inerrancy viewsThe new Counterpoints book Five Views on Inerrancy came in the mail yesterday so, of course, I tore into it immediately. I’ll say it right now, if you’re at all interested in this conversation, you should pick it up. The quality of the essays and the various responses have all been top-notch for their respective positions–and I’ve only read the Mohler and Enns essays!

While we’re on the subject of Peter Enns, I have to say I was impressed. Not convinced, but impressed. I was also impressed by the various criticisms leveled at it, many which are worth quoting at length, but I’ll only do that with Kevin Vanhoozer’s because, well, it sums up my basic complaints and gives a bit of a hint as to where Vanhoozer will later go himself:

I endorse Enns’ call to conform our doctrine of Scripture to the Bible that we actually have rather than the one we think God ought to have written. My own essay contrasts an “inerrancy of glory” (aka “perfect book inerrancy,” a cultural construct) with an “inerrancy of the cross.” I draw this distinction in order to urge an inerrancy of the cross that recognizes the wisdom of God in the surprising textual form he has given it rather than the form we may think it ought to have had. Enns simply identifies inerrancy with perfect book theology, however, and then devotes most of his essay to exposing its nakedness. I agree that perfect book inerrancy, “by placing on it expectations it is not designed to bear” (p. 84), fails to do justice to Scripture. However, in my own chapter, I explore a constructive alternative. I wish Enns had tried to do this too.

Instead, Enns spends most of his chapter reacting to what I judge to be a caricature of inerrancy— what David Dockery, whom I discuss in my own chapter, calls “naive” rather than “critical” inerrancy. Enns would have been better off discussing the original drawing— namely, the definitions offered by John Frame or Paul Feinberg— rather than demeaning the assumptions and interpretive practice of anonymous inerrantists. Who are these faceless villains (“ is it I, Peter”)? Enns nevertheless makes a valid point: the doctrine of inerrancy has been hijacked by various bands of exegetical pirates who insist that the gold of true Bible knowledge is secure only in their own interpretive treasure chests.

Enns thinks the core issue is “how inerrancy functions in contemporary evangelical theological discourse” (p. 83, my emphasis). Why should the function rather than the nature of inerrancy be the crux of the matter? We don’t throw away other doctrines, like divine sovereignty or the atonement, just because some people misunderstand or misuse them. No, we try to set them right. Curiously, Enns is not interested in definitions. Even his title focuses on function: “Inerrancy, However Defined, Does Not Describe What the Bible Does.” This is strange. Why should inerrancy— the claim that the Bible is without error— describe what the Bible does? Enns’ essay suffers from two confusions: (1) a failure to distinguish the nature of inerrancy from its use and (2) a failure to distinguish inerrancy’s right use from various abuses.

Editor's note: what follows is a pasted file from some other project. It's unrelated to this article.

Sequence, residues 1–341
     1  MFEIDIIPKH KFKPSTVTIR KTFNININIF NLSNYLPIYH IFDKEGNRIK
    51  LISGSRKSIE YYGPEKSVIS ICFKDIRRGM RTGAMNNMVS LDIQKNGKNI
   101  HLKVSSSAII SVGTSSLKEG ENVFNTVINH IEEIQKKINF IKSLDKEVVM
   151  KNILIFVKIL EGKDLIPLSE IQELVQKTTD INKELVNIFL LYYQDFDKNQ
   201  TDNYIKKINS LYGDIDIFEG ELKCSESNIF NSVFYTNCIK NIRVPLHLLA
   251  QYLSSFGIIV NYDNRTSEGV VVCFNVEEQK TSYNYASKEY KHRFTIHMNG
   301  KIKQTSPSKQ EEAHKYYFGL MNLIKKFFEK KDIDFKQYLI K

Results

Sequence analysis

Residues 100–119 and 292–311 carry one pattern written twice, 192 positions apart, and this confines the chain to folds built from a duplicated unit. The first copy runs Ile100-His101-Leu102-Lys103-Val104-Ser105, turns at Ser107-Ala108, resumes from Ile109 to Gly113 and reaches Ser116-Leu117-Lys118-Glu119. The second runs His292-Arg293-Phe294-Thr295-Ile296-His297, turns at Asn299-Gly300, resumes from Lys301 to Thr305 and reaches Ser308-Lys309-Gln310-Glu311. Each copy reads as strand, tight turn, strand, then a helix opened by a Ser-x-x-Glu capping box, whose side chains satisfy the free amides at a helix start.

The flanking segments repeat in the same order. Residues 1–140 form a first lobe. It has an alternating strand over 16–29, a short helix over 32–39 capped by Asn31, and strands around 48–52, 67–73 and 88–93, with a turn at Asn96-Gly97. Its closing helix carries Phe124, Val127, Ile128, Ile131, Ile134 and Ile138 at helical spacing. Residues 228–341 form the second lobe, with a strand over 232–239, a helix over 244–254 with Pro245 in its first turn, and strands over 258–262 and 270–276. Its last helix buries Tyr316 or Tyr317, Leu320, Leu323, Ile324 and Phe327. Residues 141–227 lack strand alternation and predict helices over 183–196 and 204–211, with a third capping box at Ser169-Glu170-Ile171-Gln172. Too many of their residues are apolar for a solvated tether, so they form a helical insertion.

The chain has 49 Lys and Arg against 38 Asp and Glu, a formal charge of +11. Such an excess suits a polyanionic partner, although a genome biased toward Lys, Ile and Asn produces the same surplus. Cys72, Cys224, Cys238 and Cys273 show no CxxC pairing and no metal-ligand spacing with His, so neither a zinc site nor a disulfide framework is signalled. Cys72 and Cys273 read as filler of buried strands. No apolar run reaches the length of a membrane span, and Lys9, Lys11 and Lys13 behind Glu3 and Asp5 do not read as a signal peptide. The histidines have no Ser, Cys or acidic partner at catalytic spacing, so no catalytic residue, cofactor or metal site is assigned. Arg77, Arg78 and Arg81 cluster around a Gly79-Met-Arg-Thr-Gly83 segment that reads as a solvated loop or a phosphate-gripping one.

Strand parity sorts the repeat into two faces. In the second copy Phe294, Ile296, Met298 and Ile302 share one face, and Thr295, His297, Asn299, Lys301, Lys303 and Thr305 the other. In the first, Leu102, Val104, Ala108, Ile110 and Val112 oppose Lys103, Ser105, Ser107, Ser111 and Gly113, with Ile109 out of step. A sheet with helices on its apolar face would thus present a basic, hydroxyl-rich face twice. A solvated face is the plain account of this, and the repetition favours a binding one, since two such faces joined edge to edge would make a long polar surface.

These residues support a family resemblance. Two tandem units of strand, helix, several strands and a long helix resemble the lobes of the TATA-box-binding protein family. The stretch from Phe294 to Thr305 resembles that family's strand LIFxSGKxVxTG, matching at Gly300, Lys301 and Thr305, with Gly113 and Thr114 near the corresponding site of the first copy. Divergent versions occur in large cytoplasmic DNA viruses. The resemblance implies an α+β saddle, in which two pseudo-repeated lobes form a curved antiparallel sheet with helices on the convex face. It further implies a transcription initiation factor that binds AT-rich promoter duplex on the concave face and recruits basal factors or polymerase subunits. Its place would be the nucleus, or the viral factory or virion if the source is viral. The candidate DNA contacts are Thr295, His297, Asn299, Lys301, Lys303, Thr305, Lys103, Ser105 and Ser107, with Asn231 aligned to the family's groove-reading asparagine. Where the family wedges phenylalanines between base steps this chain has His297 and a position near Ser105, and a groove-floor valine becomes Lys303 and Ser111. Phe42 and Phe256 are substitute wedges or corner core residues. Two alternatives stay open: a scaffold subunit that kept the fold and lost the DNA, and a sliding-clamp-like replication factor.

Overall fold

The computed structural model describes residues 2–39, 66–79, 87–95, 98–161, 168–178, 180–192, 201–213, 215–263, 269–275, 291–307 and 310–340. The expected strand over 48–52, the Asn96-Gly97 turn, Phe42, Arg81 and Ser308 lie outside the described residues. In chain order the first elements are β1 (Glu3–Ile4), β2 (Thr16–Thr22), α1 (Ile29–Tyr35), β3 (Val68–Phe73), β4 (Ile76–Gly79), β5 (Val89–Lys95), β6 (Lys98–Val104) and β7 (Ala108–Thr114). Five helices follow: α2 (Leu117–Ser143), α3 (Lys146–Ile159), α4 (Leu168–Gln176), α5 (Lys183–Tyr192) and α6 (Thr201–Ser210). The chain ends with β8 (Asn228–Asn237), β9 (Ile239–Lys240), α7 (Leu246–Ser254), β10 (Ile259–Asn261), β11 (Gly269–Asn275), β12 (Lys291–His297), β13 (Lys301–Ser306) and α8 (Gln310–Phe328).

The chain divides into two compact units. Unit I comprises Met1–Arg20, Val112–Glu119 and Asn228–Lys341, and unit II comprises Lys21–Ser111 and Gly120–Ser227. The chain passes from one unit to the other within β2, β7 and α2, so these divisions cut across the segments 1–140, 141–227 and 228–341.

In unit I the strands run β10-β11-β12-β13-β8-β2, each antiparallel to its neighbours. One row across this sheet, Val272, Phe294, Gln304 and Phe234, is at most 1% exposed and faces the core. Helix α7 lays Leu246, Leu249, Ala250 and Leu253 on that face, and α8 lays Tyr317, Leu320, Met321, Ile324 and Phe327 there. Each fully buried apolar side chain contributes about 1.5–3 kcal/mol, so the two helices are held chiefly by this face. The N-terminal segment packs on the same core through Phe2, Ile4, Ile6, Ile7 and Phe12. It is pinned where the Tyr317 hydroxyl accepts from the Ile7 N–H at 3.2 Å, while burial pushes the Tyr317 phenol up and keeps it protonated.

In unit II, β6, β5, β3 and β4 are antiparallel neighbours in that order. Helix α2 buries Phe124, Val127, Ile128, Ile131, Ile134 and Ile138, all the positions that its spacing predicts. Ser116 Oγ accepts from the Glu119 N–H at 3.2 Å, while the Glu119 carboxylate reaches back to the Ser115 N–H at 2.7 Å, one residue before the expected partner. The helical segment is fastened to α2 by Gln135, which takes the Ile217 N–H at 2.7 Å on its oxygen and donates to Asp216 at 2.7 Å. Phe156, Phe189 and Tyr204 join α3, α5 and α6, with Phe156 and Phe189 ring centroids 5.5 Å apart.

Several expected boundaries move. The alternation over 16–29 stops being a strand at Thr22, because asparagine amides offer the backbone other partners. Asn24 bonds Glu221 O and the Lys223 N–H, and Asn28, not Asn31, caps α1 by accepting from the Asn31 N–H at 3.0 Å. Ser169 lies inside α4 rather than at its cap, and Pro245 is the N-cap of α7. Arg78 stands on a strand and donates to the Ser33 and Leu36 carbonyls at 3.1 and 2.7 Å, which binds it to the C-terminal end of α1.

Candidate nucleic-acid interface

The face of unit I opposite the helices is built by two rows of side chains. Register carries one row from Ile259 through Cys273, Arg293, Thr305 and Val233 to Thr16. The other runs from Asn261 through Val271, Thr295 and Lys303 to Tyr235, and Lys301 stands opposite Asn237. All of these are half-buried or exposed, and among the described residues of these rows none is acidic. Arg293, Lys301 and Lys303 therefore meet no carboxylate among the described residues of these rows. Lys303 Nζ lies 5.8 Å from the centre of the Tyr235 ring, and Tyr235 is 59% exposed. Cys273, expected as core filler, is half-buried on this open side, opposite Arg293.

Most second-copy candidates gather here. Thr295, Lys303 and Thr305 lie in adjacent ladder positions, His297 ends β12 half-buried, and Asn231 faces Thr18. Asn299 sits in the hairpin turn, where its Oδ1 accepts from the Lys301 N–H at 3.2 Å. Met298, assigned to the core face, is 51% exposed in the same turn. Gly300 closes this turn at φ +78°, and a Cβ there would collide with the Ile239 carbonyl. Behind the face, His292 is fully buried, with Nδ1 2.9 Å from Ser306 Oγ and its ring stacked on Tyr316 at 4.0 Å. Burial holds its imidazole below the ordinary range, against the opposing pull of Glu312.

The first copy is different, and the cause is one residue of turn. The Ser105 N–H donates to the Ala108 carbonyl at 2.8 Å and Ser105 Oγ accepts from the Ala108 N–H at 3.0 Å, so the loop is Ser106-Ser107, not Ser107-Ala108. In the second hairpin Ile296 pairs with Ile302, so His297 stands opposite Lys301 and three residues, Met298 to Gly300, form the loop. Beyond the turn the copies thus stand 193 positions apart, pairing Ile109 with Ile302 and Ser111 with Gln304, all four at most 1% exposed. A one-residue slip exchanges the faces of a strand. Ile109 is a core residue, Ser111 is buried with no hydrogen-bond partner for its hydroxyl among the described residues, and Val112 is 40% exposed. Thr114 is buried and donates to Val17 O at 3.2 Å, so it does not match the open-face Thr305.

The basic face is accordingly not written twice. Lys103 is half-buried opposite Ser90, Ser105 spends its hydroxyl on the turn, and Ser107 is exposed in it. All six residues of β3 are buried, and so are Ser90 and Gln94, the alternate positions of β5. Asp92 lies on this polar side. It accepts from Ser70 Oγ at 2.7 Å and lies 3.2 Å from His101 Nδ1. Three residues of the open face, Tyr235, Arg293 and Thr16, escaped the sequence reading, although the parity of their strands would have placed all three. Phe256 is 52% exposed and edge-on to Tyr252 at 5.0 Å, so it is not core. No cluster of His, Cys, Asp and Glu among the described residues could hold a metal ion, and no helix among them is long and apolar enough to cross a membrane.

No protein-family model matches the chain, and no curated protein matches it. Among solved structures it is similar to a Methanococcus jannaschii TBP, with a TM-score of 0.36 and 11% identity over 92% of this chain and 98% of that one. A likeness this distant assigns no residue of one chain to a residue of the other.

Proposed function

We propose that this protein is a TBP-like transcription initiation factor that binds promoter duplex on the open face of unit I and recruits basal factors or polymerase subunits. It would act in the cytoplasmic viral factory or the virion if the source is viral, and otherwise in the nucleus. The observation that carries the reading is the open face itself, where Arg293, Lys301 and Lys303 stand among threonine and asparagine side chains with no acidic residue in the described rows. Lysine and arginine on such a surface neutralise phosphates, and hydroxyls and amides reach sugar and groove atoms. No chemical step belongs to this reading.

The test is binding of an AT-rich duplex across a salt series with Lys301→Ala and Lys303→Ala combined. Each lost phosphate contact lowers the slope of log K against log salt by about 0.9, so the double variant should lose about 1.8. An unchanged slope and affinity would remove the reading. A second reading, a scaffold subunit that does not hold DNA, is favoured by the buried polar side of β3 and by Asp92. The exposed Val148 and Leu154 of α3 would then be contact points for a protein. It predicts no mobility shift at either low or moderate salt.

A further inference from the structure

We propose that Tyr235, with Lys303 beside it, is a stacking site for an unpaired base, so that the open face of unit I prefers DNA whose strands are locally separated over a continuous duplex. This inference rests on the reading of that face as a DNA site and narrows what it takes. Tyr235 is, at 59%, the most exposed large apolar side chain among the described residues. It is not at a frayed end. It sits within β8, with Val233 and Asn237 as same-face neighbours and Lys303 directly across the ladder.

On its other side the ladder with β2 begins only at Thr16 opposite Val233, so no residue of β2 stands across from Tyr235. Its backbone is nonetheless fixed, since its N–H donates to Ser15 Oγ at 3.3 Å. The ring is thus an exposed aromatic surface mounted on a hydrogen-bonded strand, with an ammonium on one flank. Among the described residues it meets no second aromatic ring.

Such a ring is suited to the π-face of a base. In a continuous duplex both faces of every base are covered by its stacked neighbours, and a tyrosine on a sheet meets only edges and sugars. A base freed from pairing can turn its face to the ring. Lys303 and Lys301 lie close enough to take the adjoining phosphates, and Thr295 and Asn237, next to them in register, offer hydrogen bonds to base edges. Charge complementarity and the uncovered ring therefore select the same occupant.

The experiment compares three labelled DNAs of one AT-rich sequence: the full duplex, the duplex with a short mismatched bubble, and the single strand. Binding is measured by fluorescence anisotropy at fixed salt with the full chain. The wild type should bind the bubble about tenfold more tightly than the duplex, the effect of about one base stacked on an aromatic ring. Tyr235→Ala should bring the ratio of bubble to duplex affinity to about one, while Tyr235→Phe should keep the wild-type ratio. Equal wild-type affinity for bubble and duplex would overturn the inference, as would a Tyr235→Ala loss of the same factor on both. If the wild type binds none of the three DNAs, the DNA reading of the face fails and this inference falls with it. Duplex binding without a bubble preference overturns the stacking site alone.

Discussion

–Five Views on Biblical Inerrancy (Counterpoints: Bible and Theology) Zondervan. Kindle Edition.

He goes on from there to actually substantiate his claims about Enns’ essay (with some style). But yes, Enns often reduces inerrancy to its political function; in essence he falls afoul of the principle that abuse does not remove use. As for more nuanced accounts, those are sort of dismissed as possibilities with a hand-wave towards the insurmountable obstacle of biblical scholarship. Actually, I’ll go ahead and quote Vanhoozer again with this little gem on whether or not we should rush to accept the so-called “scholarly consensus” in archaeology, or whether it’s appropriate to trustingly wait it and see what new light is shed:

Why is Enns in such a hurry to capitulate to the prevailing scholarly consensus? Theories, consensus opinions, and schools of thought all come and go. Christians are not to be blown about by every wind of academic fashion. I wonder: does he think, in light of the problem of evil, that we should concede that God does not exist? After all, there is considerably more evidence of gratuitous evil in the world than there is that ancient Jericho had no walls. It’s not clear to me how, on Enns’ scorecard, the theist fares any better than the inerrantist. Should we therefore reframe our doctrine of God to fit the prevailing extratextual “evidence”?

I found the comparison to the epistemological situation we find ourselves in with the problem of evil helpful. The point is that there is a lot of apparently pointless evil out in the world, and that could count as “evidence” that God does not exist. Indeed, it does count as evidence. And yet, as philosophers will point out, that’s not the only evidence there is, in which case the theist can put that to one side for a moment, without immediately scrapping their belief in God every time something inexplicably tragic happens. In the world of biblical scholarship where judgments on key questions like this shift every 20 years, it’s reasonable to slow the rush to throw inerrancy on the dust-heap of discarded doctrines.

Now, of course, I’m only giving you a couple of samples here. Both Vanhoozer and Enns have plenty more to be say here–no one can be quickly dismissed. Still, I hope this little taste whets your appetite for the rich feast of excellent scholarship and theological engagement you’ll find in this volume.

Soli Deo Gloria